Automate it! How we improved integration testing

    In the old days, we had only a few services, and putting in an day an update of more than one of them at production was a great success . Then the world accelerated, the system became more complex, and we transformed into an organization with microservice architecture. Now we have about a hundred services, and with the increase in their number, the frequency of releases also increases - there are more than 250 per week.

    And if new features are tested inside product teams, then the task of the integration testing team is to verify that the changes included in the release do not break the functionality of the component, system, and other features.

    I work as a test automation engineer at Yandex.Money.
    In this article I’ll talk about the evolution of integration testing of web services, as well as about adapting the process to increase the number of system components and increase the frequency of releases.

    About changes in the release cycle and the development of the calculation mechanism were described by ops and dev in one of the previous articles . I’ll tell you about the history of changes in testing processes during this transformation. 

    Now we have about 30 development teams. The team usually includes the product manager, project manager, front-end and back-end developers and testers. They are united by work on tasks for a specific product. As a rule, a team is responsible for the service, which most often makes changes to it.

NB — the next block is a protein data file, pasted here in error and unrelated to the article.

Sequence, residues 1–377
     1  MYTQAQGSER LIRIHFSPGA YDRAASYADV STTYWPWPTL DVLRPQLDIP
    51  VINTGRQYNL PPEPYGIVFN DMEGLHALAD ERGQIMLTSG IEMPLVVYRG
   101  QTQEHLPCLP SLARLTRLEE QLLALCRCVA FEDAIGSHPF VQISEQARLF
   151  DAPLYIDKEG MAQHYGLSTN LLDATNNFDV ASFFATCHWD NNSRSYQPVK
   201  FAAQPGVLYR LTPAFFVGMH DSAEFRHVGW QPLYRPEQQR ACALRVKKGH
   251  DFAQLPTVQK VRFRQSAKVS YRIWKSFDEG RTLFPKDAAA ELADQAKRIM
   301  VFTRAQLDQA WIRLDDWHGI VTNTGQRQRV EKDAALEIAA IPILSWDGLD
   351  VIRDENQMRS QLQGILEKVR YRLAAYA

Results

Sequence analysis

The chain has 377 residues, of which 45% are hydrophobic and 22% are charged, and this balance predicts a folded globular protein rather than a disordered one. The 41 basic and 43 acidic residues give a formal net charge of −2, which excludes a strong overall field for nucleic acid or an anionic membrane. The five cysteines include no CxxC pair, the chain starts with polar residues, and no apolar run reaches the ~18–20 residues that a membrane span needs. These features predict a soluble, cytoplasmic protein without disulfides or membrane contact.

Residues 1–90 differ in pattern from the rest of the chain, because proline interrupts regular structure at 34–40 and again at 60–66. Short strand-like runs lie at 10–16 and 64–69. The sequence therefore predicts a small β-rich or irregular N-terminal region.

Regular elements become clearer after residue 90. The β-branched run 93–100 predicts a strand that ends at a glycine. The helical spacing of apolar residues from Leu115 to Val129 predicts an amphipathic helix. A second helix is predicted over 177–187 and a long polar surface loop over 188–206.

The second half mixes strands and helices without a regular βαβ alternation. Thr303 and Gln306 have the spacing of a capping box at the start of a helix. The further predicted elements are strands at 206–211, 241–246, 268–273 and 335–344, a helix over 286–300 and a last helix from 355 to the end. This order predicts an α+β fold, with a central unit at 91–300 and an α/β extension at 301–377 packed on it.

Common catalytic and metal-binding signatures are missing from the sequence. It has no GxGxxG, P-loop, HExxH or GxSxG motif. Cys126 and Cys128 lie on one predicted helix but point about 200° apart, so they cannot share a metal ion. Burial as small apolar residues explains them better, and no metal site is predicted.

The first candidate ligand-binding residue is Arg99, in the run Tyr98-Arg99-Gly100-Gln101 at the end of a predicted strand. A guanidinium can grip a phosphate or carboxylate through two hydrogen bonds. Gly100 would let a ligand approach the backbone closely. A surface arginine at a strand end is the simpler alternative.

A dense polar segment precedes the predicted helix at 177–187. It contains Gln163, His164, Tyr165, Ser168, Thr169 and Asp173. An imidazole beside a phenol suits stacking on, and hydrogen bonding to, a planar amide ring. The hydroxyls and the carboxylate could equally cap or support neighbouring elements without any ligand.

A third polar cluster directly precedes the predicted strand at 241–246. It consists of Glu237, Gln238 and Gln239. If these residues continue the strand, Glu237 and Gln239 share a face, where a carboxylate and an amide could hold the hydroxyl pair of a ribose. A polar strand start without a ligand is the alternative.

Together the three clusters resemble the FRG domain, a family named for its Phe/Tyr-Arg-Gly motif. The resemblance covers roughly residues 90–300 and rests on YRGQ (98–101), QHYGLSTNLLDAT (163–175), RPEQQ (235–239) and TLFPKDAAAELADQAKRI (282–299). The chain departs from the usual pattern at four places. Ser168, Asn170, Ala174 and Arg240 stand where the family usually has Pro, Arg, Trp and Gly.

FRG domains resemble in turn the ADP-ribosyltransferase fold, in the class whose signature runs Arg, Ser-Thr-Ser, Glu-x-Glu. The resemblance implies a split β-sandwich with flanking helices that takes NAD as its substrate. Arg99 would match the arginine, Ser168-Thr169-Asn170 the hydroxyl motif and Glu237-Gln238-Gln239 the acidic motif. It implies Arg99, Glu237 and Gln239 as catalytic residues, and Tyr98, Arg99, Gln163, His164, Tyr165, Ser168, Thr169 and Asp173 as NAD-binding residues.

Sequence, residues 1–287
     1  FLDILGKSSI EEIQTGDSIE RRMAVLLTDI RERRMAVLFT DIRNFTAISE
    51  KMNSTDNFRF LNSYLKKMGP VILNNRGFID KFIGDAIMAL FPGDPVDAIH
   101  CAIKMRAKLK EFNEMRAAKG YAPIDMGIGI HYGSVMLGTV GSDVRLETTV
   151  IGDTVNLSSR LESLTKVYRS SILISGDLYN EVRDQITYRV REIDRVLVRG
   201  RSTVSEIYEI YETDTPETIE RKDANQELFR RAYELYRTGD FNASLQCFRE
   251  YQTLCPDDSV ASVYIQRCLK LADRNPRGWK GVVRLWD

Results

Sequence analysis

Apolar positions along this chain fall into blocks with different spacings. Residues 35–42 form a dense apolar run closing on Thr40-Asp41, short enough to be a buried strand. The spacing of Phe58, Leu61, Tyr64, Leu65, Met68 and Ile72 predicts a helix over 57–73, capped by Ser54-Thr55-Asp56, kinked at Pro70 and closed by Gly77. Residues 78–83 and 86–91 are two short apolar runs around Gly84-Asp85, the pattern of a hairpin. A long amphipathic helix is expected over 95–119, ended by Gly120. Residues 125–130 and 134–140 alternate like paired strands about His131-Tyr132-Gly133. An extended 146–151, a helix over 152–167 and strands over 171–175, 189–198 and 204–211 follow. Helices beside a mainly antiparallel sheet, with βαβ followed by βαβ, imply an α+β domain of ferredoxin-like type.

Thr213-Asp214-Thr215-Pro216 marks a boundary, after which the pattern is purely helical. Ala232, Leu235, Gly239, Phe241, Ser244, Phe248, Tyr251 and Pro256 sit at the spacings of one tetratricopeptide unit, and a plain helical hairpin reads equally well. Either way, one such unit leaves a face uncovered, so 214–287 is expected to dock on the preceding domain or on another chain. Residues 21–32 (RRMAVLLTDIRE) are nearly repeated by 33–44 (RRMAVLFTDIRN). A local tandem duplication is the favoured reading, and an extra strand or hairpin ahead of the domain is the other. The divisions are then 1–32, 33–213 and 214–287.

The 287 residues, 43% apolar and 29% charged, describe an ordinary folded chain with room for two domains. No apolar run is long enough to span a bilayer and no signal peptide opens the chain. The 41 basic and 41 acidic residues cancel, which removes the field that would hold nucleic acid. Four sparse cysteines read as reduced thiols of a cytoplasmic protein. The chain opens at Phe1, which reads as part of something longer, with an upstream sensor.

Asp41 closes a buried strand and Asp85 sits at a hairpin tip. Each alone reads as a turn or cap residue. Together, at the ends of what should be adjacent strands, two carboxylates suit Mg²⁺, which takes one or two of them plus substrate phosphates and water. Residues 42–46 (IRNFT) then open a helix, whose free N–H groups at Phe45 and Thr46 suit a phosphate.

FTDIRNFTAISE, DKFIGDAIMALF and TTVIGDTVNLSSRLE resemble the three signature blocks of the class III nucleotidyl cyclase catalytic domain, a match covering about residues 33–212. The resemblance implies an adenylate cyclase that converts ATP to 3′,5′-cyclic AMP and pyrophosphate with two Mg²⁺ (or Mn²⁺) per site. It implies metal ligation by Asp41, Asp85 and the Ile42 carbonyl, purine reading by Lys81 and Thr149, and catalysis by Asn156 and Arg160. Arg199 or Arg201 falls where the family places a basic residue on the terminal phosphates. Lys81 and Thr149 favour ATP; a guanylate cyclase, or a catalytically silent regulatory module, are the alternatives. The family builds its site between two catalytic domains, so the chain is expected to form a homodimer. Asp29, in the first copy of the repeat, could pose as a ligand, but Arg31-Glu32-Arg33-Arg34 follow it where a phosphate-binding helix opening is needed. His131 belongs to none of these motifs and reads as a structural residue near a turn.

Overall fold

End-to-end acceptance testing

    Not so long ago, with the release of each component, only unit and component tests were run, and after that only a few of the most important end-to-end scripts were run on a full-fledged test environment before putting the service into production. Along with the increase in the number of components, the number of connections between them began to grow exponentially. Often - completely non-trivial connections. I recall how the unavailability of the service for issuing marketing data broke user registration completely (of course, for a short time).

    This approach to checking changes began to fail more and more often - it required covering all critical business scenarios with autotests and running them on a full-fledged test environment with a component version ready for release.

    Okay, autotests for critical scenarios have appeared - but how to run them? There was a task to integrate into the release cycle, minimally affecting its reliability with false test drops. On the other hand, I wanted to carry out the integration testing stage as quickly as possible. So there was an infrastructure for carrying out acceptance tests.

    We tried to make the most of the tools already used to carry out the component on the release cycle and launch tasks: Jira and Jenkins, respectively.

    Acceptance Testing Cycle